By: Joe Pohoryles
Last night, the NFL released its full 2020 schedule, sending the football world into a frenzy of game-by-game predicting, strength-of-schedule searching and calendar circling. While primetime games and heavyweight matchups drum up the most excitement, the Thanksgiving slate draws similar attention upon the schedule’s release.
Thanksgiving has become as synonymous with football as it is with turkey and stuffing, and every year the Detroit Lions and Dallas Cowboys get to host a game in the afternoon preceding a night time smackdown between a pair of division rivals.
While the Lions and Cowboys get to host on Thanksgiving every year, I believe the NFL would be better off doing away with the tradition. Instead, the league can cater the contests to feature different teams every season. If the NFL scheduled the best teams for Thanksgiving, there would be much more hype surrounding the day than there already is.
Look at the NBA on Christmas. The NBA owns Christmas Day, consistently pitting the best teams and biggest stars in the league against each other for non-stop, high-quality action. In 2019, the reigning champion Toronto Raptors faced a playoff-caliber Boston Celtics team. LeBron James’ Lakers fell five points short against their new-look crosstown rival Clippers, featuring Kawhi Leonard and Paul George, in the battle of LA. Those were just two of the five games.
For the NFL on Thanksgiving this year, the night game features reigning MVP Lamar Jackson and the Baltimore Ravens against the Pittsburgh Steelers, who boasted one of the best defenses in 2019. In the afternoon, the Lions will face the Deandre Hopkins-less Houston Texans, while the Cowboys’ stacked offense will look to defend Jerry World against the perpetually inept Washington Redskins.
The most compelling matchup by far is the nightcap. The Detroit Lions have not won a playoff game since 1992. Their top draft pick this year, former Ohio State cornerback Jeff Okudah, was born in 1999. The team went 3-12-1 last season.
Meanwhile, the Texans headlined the offseason with questionable moves from head coach/general manager Bill O’Brien, and may not be the same playoff team that they were last season. If they are, then it could be a beatdown that’s over by the second quarter; if not, then it’s just two mediocre-at-best teams duking it out.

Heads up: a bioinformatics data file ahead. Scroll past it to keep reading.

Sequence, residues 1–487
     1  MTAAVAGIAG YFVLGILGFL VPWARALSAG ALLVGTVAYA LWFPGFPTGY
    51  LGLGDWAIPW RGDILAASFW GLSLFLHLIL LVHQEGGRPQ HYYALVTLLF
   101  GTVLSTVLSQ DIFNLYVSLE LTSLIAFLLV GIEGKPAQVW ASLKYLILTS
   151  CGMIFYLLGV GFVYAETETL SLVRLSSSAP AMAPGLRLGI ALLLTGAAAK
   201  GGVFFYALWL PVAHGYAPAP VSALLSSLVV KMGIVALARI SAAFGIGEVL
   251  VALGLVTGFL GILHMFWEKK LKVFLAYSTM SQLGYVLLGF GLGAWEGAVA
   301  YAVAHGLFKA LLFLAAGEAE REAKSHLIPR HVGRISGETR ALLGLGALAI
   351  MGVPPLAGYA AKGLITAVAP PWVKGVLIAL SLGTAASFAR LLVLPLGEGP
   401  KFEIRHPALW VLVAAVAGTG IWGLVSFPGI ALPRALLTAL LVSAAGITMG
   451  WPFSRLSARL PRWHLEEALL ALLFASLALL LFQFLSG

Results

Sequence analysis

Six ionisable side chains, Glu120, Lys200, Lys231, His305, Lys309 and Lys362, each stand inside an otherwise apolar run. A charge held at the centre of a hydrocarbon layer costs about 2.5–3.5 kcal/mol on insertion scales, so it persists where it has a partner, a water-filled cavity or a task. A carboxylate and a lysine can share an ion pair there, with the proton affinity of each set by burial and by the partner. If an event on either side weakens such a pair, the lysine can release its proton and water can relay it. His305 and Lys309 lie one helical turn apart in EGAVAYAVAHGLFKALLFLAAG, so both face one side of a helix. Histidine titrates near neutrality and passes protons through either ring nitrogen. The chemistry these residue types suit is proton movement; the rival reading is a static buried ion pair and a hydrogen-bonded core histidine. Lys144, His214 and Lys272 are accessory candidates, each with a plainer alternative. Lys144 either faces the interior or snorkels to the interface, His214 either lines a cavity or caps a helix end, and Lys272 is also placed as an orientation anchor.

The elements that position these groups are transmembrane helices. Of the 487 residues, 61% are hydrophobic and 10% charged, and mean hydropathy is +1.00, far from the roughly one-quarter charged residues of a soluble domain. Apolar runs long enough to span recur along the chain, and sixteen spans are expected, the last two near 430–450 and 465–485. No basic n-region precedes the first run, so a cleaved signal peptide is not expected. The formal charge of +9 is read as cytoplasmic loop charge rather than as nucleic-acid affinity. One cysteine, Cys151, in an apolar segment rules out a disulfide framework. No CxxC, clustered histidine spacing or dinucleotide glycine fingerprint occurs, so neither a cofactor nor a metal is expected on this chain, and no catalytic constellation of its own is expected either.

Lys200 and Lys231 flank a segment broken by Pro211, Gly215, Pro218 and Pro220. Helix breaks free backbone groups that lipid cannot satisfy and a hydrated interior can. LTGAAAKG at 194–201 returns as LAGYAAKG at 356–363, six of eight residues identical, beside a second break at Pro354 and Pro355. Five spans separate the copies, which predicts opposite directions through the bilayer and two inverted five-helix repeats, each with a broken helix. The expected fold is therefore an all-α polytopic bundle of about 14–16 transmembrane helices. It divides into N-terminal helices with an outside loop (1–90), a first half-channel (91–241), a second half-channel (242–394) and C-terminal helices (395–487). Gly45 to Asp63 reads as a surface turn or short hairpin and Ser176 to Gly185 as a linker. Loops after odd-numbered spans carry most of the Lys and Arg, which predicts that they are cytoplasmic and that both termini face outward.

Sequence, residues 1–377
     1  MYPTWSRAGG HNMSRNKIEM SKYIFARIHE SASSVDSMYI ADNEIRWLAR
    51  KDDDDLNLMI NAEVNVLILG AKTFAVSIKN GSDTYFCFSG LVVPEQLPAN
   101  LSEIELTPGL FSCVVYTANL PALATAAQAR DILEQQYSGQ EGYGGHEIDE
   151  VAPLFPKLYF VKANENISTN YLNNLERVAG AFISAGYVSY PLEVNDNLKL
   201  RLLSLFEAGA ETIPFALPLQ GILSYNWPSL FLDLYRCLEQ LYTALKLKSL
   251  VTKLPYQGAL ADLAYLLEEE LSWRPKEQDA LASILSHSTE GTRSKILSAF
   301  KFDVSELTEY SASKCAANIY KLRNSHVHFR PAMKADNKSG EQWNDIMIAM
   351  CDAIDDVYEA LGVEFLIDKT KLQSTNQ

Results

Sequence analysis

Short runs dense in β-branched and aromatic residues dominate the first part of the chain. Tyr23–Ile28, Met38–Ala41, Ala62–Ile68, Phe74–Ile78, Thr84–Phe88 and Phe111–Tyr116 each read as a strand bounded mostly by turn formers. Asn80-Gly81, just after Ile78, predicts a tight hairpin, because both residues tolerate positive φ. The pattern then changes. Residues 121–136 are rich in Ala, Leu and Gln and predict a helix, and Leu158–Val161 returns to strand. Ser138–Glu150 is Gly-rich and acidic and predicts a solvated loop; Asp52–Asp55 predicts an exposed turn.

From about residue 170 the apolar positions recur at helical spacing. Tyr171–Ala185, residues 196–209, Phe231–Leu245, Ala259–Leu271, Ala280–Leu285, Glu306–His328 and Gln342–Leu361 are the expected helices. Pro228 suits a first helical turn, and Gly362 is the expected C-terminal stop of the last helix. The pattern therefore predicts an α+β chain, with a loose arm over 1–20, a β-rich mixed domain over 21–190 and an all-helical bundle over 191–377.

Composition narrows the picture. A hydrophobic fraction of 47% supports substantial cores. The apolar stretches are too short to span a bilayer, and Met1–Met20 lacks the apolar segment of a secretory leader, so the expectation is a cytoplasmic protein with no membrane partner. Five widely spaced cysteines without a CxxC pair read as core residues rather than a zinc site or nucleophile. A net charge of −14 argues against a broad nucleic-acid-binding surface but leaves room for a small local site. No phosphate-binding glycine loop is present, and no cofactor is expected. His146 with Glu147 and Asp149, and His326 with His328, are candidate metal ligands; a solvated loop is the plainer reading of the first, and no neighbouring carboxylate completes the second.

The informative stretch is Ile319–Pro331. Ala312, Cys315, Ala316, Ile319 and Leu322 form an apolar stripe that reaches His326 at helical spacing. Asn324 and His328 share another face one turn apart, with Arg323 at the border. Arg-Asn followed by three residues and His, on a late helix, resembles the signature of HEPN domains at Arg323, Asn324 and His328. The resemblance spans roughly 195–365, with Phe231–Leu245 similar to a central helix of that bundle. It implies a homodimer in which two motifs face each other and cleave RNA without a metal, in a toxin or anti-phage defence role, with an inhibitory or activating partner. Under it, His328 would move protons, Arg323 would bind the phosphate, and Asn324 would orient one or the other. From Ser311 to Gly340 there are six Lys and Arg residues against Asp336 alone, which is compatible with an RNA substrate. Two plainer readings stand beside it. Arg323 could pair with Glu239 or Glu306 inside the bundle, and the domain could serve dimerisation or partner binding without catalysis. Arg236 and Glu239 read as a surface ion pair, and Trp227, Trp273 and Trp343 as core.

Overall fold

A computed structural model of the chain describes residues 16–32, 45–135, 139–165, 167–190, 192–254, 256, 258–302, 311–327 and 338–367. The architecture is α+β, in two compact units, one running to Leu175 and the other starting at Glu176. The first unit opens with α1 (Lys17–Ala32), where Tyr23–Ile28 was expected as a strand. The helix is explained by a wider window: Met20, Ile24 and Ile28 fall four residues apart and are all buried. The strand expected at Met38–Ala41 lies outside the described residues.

The Cowboys always generate views, so it makes sense for the NFL to highlight them every year. They’re also expected to be good this season, making them a theoretically good candidate for a marquee game slot. However, looking at recent years, their match-ups hardly turn out to be interesting. Here are the results for the Cowboys’ Thanksgiving games over the past 10 seasons:
2019: Buffalo Bills over Cowboys, 26-15
2018: Cowboys over Redskins, 31-23
2017: LA Chargers over Cowboys, 28-6
2016: Cowboys over Redskins, 31-26
2015: Carolina Panthers over Cowboys, 33-14
2014: Philadelphia Eagles over Cowboys, 33-10
2013: Cowboys over Oakland Raiders , 31-24
2012: Redskins over Cowboys, 38-31
2011: Cowboys over Miami Dolphins, 20-19
2010: New Orleans Saints over Cowboys, 30-27
With the exception of wins over the Redskins twice (the same Redskins that finished 8-7-1 in 2016, and 7-9 in 2018), plus the 4-12 Raiders of 2013 and the 6-10 Dolphins of 2011, the Cowboys have lost, often to much better teams by much larger margins. If they are going to play every year, can the matchups at least be even?
As a Redskins fan myself, I get to see my team play on Thanksgiving every few years. This isn’t me whining about not getting to see my team on Thanksgiving enough. In fact, given the state of the franchise, it would probably make Thanksgiving less stressful if they didn’t play. In any case, Lions and Cowboys fans get to watch their team on Thanksgiving every year. Other fanbases rarely get to.
Why not feature teams worthy of primetime attention and give their fans some added excitement to their holiday? Obviously, Monday Night Football and Sunday Night Football scoop up major showdowns every year, but what football fan wouldn’t want to spend Thanksgiving watching the reigning champion Kansas City Chiefs take on the Saints, who are making one final push in what will likely be Drew Brees’ final season? That game will instead take place on Dec. 20.
When was the last time Chiefs fans got to see their team play on Thanksgiving? Try 2006. I’d say they’re due for an appearance, especially since they have the league’s best quarterback on their team.
The Seattle Seahawks and San Francisco 49ers look like two of the NFC’s best teams this season, and they play each other twice a year. Why not play one of those games on Thanksgiving? Neither team has played on Thanksgiving since 2014.
What about the revamped Tampa Bay Buccaneers against the Green Bay Packers? It remains to be seen how well these two sides will actually perform this season, but Tampa has not appeared on Thanksgiving since 2006, and fans have seen Tom Brady and Aaron Rodgers go head-to-head just twice. They’re scheduled to play on Oct. 18.
I’m not trying to attack the Lions or Cowboys here. Once the Lions can field one of the league’s best teams, I’d be happy to see them square off with an equally powerful opponent. Once the Cowboys actually prove themselves as Super Bowl contenders, I’d love to root against them in a potential playoff preview. If either team warrants a spot that season, and they go against a worthy opponent, I’m all for it. I just don’t understand why they have to get a game every year.
The argument is futile (good luck prying the Thanksgiving game away from Jerry Jones), but it’s one worth making. The NFL will be fine either way, but for the sake of the fans, why not promote the best teams on a football-centric holiday instead of continually shoving two consistently underwhelming teams down our throats for the sake of tradition? It just doesn’t make sense to me.